Lessees have a contractual obligation to make an initial calculation of the royalty due according to the terms of the lease and then to make the payment to the defendant. This court does not share defendant's conclusion, however, that "[t]he ultimate duties to calculate and pay are specifically placed on the lessees ... not the United States." Def.'s Mem. at 23 (emphasis added). Separate from the lessee's contractual obligation to pay is the government's fiduciary duty to hold in trust all moneys due the Tribe, now and in the future, established in section 4 of the 1906 Act. To fulfill this duty, defendant must verify that the amount paid in by a lessee represents the full amount contractually due under the terms of the lease. As the Supreme Court noted in Mitchell II, "It would be anomalous to conclude that these enactments create a right to the value of certain resources when the Secretary lives up to his duties, but no right to the value of the resources if the Secretary's duties are not performed." Mitchell II, 463 U.S. at 227, 103 S.Ct. 2961. It would be equally anomalous to conclude that the authority that issues the governing regulations, sets the form of the lease, approves its terms, requires lessees to maintain financial records, holds the sole right to inspect those financial records, and is the mandated recipient of all royalty payments due the Tribe, has no obligation to perform the corresponding duties. As the Court found in White Mountain Apache, if the government's position is carried to its conclusion, "it would read the trust relation out of Indian Tucker Act analysis." 537 U.S. at 477, 123 S.Ct. 1126. "A trusteeship would mean little if the beneficiaries were required to supervise the day-to-day management of their estate by the trustee or else be precluded from recovery for mismanagement." Mitchell II, 463 U.S. at 227, 103 S.Ct. 2961. Because the statutes and regulations at issue here clearly establish a fiduciary duty to verify that lessees fulfill their contractual obligations to the Tribe by verifying the accuracy of payments made, the court finds that it "can fairly be interpreted as mandating compensation" for damages sustained from violations of those duties. Mitchell II, 463 U.S. at 228, 103 S.Ct. 2961.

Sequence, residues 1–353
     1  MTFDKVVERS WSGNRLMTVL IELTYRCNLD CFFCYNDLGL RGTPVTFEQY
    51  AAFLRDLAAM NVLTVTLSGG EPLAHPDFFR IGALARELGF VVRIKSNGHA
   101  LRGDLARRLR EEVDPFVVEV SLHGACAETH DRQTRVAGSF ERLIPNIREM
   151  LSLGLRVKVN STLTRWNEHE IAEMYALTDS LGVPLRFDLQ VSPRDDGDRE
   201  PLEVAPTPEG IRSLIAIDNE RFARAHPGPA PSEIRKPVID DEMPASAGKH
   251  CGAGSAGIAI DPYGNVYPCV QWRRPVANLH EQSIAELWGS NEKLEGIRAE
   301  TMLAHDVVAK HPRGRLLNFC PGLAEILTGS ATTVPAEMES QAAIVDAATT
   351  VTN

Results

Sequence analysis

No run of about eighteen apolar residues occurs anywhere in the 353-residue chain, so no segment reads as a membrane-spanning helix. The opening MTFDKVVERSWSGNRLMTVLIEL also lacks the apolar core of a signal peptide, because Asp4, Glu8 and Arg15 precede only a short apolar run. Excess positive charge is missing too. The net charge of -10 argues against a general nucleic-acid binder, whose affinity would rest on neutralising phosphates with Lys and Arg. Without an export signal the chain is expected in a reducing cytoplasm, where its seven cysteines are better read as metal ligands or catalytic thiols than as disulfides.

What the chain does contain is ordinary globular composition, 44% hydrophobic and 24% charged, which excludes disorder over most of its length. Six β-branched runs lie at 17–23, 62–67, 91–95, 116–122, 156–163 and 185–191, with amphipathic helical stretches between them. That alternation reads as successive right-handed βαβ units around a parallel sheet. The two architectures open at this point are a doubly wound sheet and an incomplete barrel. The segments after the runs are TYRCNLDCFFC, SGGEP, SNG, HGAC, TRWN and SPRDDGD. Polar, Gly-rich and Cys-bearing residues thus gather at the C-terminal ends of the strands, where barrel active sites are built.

D. The Statute of Limitations
The governing statute of limitations for plaintiff's claims establishes a six-year jurisdictional window from the date of accrual of a claim. [FN13] Congress has clarified the meaning of the "date of accrual" of certain Indian trust claims in a series of appropriations acts beginning in 1990 and continuing to the present. The Consolidated Appropriations Act of 2005, Pub.L. No. 108-447, 118 Stat. 2809 (Appropriations Act) provides in pertinent part that
FN13. See 28 U.S.C. § 2501 (1994) ("Every claim of which the United States Court of Federal Claims has jurisdiction shall be barred unless the petition thereon is filed within six years after such claim first accrues.").
notwithstanding any other provision of law, the statute of limitations shall not commence to run on any claim, including any claim in litigation pending on the date of the enactment of this Act, concerning losses to or mismanagement of trust funds, until the affected tribe or individual Indian has been furnished with an accounting of such funds from which the beneficiary can determine whether there has been a loss.